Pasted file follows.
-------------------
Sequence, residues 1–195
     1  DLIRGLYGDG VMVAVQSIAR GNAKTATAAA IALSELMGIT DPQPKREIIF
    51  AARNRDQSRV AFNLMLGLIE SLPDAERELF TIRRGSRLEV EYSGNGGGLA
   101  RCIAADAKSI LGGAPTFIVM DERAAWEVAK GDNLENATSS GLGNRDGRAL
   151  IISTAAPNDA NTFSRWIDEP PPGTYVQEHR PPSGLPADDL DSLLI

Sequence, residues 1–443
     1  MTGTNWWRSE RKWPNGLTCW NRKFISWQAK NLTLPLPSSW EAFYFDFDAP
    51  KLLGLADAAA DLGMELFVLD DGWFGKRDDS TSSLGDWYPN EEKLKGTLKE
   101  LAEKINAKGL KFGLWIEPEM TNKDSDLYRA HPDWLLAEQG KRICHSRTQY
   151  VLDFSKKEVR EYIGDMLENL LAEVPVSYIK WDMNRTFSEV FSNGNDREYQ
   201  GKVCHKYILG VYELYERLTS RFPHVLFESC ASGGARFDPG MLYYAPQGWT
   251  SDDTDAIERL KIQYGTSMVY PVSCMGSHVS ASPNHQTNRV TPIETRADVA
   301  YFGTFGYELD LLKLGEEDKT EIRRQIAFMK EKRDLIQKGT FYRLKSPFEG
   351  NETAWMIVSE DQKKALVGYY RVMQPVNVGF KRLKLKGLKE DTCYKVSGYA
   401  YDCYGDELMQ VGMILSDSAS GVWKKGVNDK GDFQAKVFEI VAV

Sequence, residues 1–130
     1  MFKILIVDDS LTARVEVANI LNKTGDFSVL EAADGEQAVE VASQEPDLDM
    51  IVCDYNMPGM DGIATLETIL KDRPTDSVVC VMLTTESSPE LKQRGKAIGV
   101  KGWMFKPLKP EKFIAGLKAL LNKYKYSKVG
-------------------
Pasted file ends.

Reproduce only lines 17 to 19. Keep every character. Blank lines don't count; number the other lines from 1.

     1  MFKILIVDDS LTARVEVANI LNKTGDFSVL EAADGEQAVE VASQEPDLDM
    51  IVCDYNMPGM DGIATLETIL KDRPTDSVVC VMLTTESSPE LKQRGKAIGV
   101  KGWMFKPLKP EKFIAGLKAL LNKYKYSKVG